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Interpreting for minors in legal settings

López-Pelén, Eddie (2024) Interpreting for minors in legal settings. PhD thesis, Dublin City University.

The questioning of vulnerable individuals such as minors requires special training and a particular set of skills for the encounter to be conducted in a child-sensitive fashion. While it is known that in many instances interpreters and professionals working in legal settings lack training in how to work with minors and that their approach is not always child-sensitive, the patterns of practice in interpreter-mediated encounters with minors in different settings within the same legal system have not yet been addressed by empirical research in interpreting studies. Anchored in Heideggerian phenomenology, this study aims to find out about, in Heidegger’s terms, the “experience of being” of spoken language interpreters and professionals and how they experience the phenomenon of interpreter-mediated legal encounters with minors in Ireland. The primary source of data used in this thesis is semi-structured interviews with twelve spoken language interpreters, ten lawyers, one Garda (police officer) and one social worker who have experience of working with minors in interpreter-mediated legal encounters. The legal settings in question are international protection interviews and appeals, investigative interviews performed by Gardaí (police officers) and social workers, court proceedings and legal consultations in Ireland. The theoretical underpinning for the data analysis utilised in this study is Llewellyn-Jones and Lee’s (2013) concept of role-space. In addition, García-Beyaert’s (2015a) concept of communicative autonomy is employed to analyse not only the extent to which the interpreters’ practice allows professionals and minors to be responsible for their own communication, but also to elicit recommendations for interpreters and professionals to work together in a child-sensitive fashion. The main findings of this study are that most interpreters deployed to work in legal encounters in Ireland are untrained and that a significant number of them lack adequate proficiency in English and interpreting skills. Also, it was found that the lack of briefings and inadequate minor-interpreter interaction are patterns in interpreter-mediated legal encounters in Ireland. Other patterns identified include issues with interpreter ethics and professionalism.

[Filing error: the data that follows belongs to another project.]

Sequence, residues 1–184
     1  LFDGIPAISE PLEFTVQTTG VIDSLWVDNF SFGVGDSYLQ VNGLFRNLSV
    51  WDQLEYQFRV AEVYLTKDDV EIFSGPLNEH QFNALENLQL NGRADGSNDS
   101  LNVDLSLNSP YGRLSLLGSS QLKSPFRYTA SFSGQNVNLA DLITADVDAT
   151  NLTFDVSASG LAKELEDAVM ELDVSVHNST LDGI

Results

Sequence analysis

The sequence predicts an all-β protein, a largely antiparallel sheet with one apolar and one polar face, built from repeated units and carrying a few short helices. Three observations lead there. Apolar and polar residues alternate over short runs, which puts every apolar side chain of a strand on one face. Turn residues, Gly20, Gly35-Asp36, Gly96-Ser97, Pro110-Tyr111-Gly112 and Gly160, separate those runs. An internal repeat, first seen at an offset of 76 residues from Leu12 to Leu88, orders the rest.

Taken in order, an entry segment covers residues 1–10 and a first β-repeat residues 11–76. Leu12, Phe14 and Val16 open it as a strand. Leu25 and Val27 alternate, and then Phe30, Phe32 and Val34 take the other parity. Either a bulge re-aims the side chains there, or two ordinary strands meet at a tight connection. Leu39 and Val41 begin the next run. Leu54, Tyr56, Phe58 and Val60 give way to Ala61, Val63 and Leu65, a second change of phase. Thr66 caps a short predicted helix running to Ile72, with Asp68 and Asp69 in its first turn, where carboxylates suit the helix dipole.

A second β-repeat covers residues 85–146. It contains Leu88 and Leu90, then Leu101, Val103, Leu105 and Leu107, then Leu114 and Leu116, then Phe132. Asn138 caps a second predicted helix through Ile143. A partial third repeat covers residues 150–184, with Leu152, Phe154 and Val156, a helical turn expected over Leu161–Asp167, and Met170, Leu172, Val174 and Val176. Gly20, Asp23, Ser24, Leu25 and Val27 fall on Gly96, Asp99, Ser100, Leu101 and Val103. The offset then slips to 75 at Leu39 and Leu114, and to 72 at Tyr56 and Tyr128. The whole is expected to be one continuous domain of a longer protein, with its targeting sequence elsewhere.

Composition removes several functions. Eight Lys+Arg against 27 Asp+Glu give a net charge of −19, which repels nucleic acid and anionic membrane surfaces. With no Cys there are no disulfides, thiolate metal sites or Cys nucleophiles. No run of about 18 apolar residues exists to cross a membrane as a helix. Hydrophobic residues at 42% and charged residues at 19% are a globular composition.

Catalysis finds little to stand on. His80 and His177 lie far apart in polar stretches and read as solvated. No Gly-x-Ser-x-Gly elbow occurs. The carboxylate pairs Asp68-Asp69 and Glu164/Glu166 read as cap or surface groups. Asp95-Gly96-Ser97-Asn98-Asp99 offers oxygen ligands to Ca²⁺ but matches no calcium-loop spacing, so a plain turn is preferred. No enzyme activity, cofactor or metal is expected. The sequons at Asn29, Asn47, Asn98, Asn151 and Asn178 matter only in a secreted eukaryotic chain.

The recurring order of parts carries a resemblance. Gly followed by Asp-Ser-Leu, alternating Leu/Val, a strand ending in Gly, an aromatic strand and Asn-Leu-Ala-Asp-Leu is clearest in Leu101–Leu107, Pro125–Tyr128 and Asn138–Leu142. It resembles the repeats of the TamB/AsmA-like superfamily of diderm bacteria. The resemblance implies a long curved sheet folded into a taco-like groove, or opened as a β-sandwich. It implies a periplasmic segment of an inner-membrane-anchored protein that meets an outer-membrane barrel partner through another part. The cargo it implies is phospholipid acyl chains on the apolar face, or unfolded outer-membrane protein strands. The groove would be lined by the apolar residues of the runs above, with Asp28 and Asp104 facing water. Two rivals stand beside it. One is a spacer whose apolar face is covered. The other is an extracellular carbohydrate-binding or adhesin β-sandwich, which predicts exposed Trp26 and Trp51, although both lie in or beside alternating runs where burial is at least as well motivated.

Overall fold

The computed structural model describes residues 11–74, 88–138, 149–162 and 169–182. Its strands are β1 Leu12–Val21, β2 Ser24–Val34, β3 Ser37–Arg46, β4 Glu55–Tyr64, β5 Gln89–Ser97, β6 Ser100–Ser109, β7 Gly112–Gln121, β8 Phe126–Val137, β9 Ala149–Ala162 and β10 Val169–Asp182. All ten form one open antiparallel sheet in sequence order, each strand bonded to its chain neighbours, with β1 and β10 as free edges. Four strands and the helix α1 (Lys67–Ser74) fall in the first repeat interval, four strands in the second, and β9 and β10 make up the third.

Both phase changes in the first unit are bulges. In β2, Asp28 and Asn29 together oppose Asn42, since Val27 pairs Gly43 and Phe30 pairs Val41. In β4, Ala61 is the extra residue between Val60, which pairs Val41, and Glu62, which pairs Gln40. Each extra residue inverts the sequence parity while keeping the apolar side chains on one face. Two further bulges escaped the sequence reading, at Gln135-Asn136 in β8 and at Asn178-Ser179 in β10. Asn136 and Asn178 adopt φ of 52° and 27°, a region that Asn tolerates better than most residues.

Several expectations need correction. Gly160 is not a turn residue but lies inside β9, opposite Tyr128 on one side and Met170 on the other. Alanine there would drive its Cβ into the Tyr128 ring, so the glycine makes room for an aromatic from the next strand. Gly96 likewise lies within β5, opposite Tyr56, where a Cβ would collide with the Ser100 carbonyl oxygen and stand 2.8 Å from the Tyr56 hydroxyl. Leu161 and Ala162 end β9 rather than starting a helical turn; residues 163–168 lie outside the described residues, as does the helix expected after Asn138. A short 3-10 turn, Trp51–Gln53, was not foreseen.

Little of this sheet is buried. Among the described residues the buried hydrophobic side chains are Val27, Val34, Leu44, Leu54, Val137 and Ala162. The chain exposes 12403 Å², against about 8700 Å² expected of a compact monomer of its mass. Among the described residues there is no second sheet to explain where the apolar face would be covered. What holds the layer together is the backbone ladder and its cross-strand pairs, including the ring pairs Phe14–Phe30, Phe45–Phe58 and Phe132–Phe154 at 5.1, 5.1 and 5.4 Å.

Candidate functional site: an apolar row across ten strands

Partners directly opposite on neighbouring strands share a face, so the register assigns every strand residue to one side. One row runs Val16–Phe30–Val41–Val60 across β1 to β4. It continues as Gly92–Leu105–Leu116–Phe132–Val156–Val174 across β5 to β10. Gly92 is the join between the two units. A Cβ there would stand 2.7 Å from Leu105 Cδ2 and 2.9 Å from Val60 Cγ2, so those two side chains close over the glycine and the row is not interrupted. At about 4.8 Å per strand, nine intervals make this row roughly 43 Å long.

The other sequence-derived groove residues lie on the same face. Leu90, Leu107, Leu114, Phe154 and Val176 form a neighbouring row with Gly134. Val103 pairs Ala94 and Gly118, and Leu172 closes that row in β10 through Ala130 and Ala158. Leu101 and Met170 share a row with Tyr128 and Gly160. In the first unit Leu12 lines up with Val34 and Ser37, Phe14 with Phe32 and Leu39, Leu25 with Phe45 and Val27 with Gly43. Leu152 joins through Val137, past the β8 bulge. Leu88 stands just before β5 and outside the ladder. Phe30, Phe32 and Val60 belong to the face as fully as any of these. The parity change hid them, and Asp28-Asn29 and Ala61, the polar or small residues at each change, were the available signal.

Item Type:Thesis (PhD)
Date of Award:March 2024
Supervisor(s):Phelan, Mary
Uncontrolled Keywords:communicative autonomy; interpreters; legal encounters; minors; phenomenology; professionals; role-space
Subjects:Humanities > Translating and interpreting
DCU Faculties and Centres:DCU Faculties and Schools > Faculty of Humanities and Social Science > School of Applied Language and Intercultural Studies
Use License:This item is licensed under a Creative Commons Attribution-NonCommercial-No Derivative Works 4.0 License. View License
ID Code:29397
Deposited On:25 Mar 2024 14:05 by Mary Phelan . Last Modified 25 Mar 2024 14:05

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Creative Commons: Attribution-Noncommercial-No Derivative Works 4.0


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